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A public meeting was called in 1878 to explain the provisions of the 1870 Education Act, and to see if the current schools fulfilled the requirements of the Education Department, or whether a School Board would be 'enforced upon them'. The Endowed Schools Commissioners wanted to reduce or abolish the grant from the Bourne School, having recently taken away the Bourne Estate, giving the endowments to the Grammar School. £70 was paid to the Bourne School on condition that it remained a public elementary school. The Bourne School at the time accommodated 230 children, but this number would have to be increased to 480.
Mr. H. Eddy had drawn up plans to expand the school, with extra land being purchased at £300, and alterations costing £835. A School Board would have to be formed if the money could not be raised voluntarily.
Exeter and Plymouth Gazette 4 January 1878 p8 cols4,5

In the same year a return had to be made to the House of Lords detailing endowments to schools. Amongst the schemes approved by the Endowed Schools Acts 1869,1873 and 1874 was one for Lord Middleton's School at Ashburton, with an income of £120.
Western Times 29 May 1878 p4 col1

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The school day seems to have normally lasted until half past four, as the Headmaster noted when the school closed early because of the dark evenings (28 November 1879)

In March 1877 the fees were 1d (one penny) per child per week, but at the end of the month the governors passed a resolution to increase this to 2d per child per week (31 March 1877)

In the 1870's classes were mixed, but in 1879 the girls were separated into a department of their own (28 June 1879)

Log book 6020C/EFL1, held in the Devon Heritage Centre (formerly the Record Office)

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 Getting children to attend the school was not easy. Here are some reasons for irregular attendance, from the school log book:

Whortleberry picking (28 Jul 1876)

Gleaning (28 Jul 1876)

Apple picking (27 Oct 1876)

Planting potatoes (24 March 1877)

Harvesting (8 September 1877)

Assisting parents in their gardens (9 March 1878)

Sometimes health issues reduced the numbers:

For example, Measles (12 April 1879)

Many of the children suffering from bad feet (20 December 1879)

And sometimes there were more pleasant reasons:

A holiday on Thursday because it was fair day (3 March 1877)

The annual treat of the independent Sunday School (23 June 1877)

A large menagerie arriving in the town - the school was almost deserted on this occasion (1 September 1877)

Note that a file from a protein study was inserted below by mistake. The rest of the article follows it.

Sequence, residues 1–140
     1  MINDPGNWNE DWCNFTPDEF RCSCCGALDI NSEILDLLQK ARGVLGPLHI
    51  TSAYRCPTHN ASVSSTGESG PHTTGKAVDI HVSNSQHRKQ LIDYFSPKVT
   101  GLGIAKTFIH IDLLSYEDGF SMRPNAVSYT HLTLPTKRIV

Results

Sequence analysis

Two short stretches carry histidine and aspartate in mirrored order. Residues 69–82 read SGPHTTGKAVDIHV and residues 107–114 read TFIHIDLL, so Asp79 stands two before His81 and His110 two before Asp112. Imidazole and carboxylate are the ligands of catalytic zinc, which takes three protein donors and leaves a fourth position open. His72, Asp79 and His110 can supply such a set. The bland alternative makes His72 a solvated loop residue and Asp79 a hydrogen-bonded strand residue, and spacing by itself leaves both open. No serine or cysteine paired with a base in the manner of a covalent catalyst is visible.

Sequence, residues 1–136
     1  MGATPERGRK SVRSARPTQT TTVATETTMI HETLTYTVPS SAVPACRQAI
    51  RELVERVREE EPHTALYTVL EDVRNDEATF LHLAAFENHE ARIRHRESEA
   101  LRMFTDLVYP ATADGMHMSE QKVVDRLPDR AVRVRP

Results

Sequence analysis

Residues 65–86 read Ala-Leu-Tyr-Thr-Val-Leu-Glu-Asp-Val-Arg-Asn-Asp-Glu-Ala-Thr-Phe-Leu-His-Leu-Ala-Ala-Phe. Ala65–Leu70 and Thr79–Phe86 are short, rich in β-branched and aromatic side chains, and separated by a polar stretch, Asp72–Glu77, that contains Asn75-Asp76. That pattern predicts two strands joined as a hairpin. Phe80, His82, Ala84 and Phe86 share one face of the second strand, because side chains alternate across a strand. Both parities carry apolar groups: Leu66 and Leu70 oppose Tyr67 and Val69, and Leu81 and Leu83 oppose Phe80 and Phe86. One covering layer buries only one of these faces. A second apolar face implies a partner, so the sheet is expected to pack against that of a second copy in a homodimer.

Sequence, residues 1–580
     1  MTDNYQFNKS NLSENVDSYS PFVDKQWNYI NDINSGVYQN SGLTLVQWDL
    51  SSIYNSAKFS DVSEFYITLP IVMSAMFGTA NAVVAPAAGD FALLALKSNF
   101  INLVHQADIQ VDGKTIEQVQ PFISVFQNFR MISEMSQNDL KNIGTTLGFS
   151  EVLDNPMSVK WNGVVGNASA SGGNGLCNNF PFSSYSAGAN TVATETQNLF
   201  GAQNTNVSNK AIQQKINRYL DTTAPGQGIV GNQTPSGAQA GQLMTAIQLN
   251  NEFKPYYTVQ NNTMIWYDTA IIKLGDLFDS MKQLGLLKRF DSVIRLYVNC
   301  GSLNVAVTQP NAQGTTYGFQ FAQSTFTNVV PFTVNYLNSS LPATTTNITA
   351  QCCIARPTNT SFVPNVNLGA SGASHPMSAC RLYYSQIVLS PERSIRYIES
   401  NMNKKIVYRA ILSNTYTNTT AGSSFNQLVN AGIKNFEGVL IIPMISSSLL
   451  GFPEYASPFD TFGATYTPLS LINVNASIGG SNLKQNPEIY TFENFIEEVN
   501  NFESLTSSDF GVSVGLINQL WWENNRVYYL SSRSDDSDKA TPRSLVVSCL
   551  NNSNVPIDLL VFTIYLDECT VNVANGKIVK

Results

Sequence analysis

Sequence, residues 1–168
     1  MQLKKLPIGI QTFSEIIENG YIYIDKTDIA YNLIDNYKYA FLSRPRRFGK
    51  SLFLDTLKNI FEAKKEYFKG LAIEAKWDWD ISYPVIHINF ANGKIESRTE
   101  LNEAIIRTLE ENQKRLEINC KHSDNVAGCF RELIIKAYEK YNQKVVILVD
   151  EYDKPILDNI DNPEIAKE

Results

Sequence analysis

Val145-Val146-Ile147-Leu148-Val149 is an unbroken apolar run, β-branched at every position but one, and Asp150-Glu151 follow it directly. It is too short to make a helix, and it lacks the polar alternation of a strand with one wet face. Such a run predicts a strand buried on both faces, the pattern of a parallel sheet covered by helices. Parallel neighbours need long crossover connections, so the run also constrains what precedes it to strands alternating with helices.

A company of the Royal Horse Artillery coming to the town (2 March 1878)

Boys watching the Grammar School athletics (13 April 1878)

Mr Pindar's Circus visiting the town - the school closed (27 March 1880)

Log book 6020C/EFL1, held in the Devon Heritage Centre

                               

1887 James Barnett and Joshua Leaman were fined 2s 6d each for not sending their children to school.

Western Times 24 October 1887 p4 col4

An Inspector Calls

The school was inspected in March 1878. The report stated that the results were as good as could be expected 'under the circumstances'. Whilst praising the master's enthusiasm and energy, and saying that the writing was good (as was the older children's arithmetic), the inspector noted that discipline and organization did not exist at all. The method of conducting the school was, he said, 'most unsatisfactory'. (30 March 1878)

Log book 6020C/EFL1, held in the Devon Heritage Centre

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 By the 1870s the Endowed Schools Commissioners had taken away the Bourne Estate - which provided income - and also wanted to take away a grant, or reduce the school to a 'third-grade school'.

At the same time, under the provisions of the 1870 Education Act, Ashburton had received notice from the Education Department that the town would have to provide accommodation for 480 pupils, including 15 from Woodland.

The Bourne School could only accommodate 250 children, so there were proposals to alter the school to meet with the requirements - the governors met to consider plans to enlarge the school in the first week of December 1877.

There was a public meeting about raising the necessary money - if this could not be done voluntarily, a School Board would have to be formed and 'enforced upon them'.

(Exeter and Plymouth Gazette, 4 January 1878, p8 col 5

Governors' meeting from Log book 6020C/EFL1, held in the Devon Heritage Centre (formerly the Record Office)

 

Sufficient money cannot have been forthcoming, because in June 1878 the Education Department in Whitehall issued orders for a School Board to be formed

London Gazette Issue 24594 18 June 1878, p 3661

 

In August the first meeting of the School Board was held at the Bourne School Room.

Watts, Whidborne and Co. (bank) were elected treasurers.

Members of the Board were:

Chairman - R Tucker

Vice-chairman - P F S Amery

J Tozer, H Steele,.W R Whiteway, E J Sawdye, Rev J W Lay

(Exeter and Plymouth Gazette, 2 August 1878, p7 col 2)

 

By 1879 tenders were being sought for the construction of additional buildings at the school.
Western Times 9 May 1879 p6 col2

                       

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Some staff in the late 1870's:

Mrs Harding - replaced Miss Baker as sewing mistress (9 October 1876)

John Addems had a holiday (21 July 1877)

J Adams' name removed from the register of Pupil Teachers in the school

Mr. Husson shortly to receive certificate. (13 April 1878)

William John Port signed his indenture as a Pupil Teacher (4 September 1879)*

John Mann appointed as candidate for Pupil Teacher (6 March 1880)

 

Log book 6020C/EFL1, held in the Devon Heritage Centre

* This may well have been the William John Port born March quarter 1864, Newton Abbot district (http://www.freebmd.org.uk/) - he would therefore have been 15 years old.

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Mr. F. Amery, Chairman of the School Board, said that Samuel Husson, the Headmaster, should receive an extra £5 in recognition of his work at the school. The second mistress, Miss Jenkin, was to have her salary increased by £10 per annum.
Western Times 3 February 1885 p8 col6

In 1891 the School Board arranged evening classes for those who had left school - apparently only for boys. Reading, writing and arithmetic was on the curriculum, but so was music, history and geography. The pupils were also to study science, with practical experiments.
Western Times 6 October 1891 p8 col6